The workplace underwent a drastic transformation over the course of 2020. Factors like the COVID-19 pandemic and social justice movements advocating for equality were highly influential in shaping how the world functions in the workplace. These shifts will continue to influence the workplace in the new year and impact employees around the world—particularly the shift-based workforce. With a new appreciation for the hourly workforce, brought about by this year’s need for essential workers, many workplace trends in 2021 are predicted to benefit shift workers. Read more on benefits for shift workers on our Benefits page, and discover the upcoming year’s workplace trends below to learn how they will impact you.
1. Emphasis on Employee Well-being.
The stress-inducing nature of 2020 brought workplace wellbeing into perspective for many employers. Studies found that three out of four workers found work challenging because of pandemic-related anxiety. To address this, in 2021, employers will be prioritizing work-life balance, employee wellness, and mental health initiatives in the workplace. Organizations are planning to allocate more healthcare benefits to mental health. They will also deploy strategies to facilitate employee wellness in the workplace, such as flexible hours and regular check-ins.
It is undeniable that frontline workers suffered an immense toll on their mental health in 2020. Thus, the wellbeing of hourly workers will be addressed by employers in 2021 more than ever before. With many restaurant chains offering paid sick leave to their hourly employees throughout the pandemic, discussion surrounding healthcare benefits for the shift-based workforce will take place in order to provide adequate care to shift workers.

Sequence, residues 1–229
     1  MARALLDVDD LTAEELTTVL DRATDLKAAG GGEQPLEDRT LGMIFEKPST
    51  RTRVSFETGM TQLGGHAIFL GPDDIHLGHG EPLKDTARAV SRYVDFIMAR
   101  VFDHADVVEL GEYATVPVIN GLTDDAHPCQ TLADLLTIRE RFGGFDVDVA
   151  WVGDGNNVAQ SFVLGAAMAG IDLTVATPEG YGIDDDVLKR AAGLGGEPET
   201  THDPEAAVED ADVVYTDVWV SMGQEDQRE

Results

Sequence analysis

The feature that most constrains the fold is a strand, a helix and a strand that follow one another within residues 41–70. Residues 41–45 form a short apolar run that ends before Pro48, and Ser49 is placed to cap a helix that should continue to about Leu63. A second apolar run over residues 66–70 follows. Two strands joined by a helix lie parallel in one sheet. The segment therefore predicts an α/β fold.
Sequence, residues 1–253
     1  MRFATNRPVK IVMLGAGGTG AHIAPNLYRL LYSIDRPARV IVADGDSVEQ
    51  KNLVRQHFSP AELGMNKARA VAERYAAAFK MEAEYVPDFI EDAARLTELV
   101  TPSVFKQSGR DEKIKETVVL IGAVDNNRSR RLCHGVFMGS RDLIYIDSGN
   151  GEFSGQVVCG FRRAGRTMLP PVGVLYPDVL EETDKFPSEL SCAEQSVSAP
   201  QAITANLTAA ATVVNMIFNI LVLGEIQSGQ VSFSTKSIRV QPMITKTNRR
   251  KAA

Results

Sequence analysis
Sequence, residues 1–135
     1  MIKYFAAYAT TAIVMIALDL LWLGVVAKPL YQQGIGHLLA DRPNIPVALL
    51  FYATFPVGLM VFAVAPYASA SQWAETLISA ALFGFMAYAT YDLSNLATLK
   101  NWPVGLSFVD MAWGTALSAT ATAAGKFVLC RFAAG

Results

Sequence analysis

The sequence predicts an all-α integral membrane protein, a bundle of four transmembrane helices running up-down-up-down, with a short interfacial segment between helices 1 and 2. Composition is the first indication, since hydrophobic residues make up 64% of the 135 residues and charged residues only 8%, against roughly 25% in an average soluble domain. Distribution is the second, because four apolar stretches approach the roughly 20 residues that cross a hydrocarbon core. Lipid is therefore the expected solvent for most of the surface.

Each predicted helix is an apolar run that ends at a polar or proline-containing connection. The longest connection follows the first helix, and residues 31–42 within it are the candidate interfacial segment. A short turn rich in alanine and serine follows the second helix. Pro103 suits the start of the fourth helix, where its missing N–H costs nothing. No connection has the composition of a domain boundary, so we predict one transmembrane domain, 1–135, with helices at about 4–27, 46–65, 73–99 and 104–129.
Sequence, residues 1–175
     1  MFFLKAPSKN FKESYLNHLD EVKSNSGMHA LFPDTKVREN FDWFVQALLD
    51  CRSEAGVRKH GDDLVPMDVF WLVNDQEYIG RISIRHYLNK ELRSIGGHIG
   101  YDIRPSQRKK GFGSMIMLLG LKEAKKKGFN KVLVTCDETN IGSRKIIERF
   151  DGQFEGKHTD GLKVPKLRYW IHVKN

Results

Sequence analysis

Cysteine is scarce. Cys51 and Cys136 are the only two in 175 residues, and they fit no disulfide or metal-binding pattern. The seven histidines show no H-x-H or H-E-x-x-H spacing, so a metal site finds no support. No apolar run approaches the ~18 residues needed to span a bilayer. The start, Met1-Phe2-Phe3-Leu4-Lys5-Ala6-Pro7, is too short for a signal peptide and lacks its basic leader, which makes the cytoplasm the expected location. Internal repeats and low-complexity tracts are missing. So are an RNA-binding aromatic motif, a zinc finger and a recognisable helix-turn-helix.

Along with health, employers will also be prioritizing safety and security for their staff. Job seekers view a safe and positive work environment as the number one factor in choosing where to work, so organizations will be going the extra mile to foster this in order to recruit talent. This includes allocating funds to improve workplace safety measures such as contact tracing and sanitization services.
2. Spotlight on Diversity, Equity, and Inclusion.
The new year will also see a concerted effort to address issues of diversity, equality, and systemic racism that were brought to light in 2020. The murder of George Floyd by police, and the protests that followed, shone a spotlight on the systemic racism plaguing the United States. This led the rest of the world to stand in solidarity and consider their own country’s race relations. Because of this, diversity deficits in the workplace were heavily scrutinized and assessed in an effort to better represent people of all races and ethnicities.